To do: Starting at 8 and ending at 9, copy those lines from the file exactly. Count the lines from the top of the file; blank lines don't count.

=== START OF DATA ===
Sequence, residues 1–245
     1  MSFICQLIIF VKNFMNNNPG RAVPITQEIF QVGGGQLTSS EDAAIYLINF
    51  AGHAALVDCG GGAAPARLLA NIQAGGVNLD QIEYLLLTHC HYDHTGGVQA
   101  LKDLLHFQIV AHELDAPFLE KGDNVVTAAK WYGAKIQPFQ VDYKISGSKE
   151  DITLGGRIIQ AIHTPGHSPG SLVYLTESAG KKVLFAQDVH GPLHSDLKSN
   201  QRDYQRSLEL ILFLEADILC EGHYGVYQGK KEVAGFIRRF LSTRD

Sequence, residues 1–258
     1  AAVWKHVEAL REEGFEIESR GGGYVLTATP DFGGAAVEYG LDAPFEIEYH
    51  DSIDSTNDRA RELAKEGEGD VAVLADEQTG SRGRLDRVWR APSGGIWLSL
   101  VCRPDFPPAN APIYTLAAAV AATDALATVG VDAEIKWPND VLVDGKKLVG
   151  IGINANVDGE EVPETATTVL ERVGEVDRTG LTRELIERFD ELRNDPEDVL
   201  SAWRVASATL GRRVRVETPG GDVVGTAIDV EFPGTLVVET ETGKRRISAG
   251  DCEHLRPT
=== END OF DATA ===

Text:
     1  AAVWKHVEAL REEGFEIESR GGGYVLTATP DFGGAAVEYG LDAPFEIEYH
    51  DSIDSTNDRA RELAKEGEGD VAVLADEQTG SRGRLDRVWR APSGGIWLSL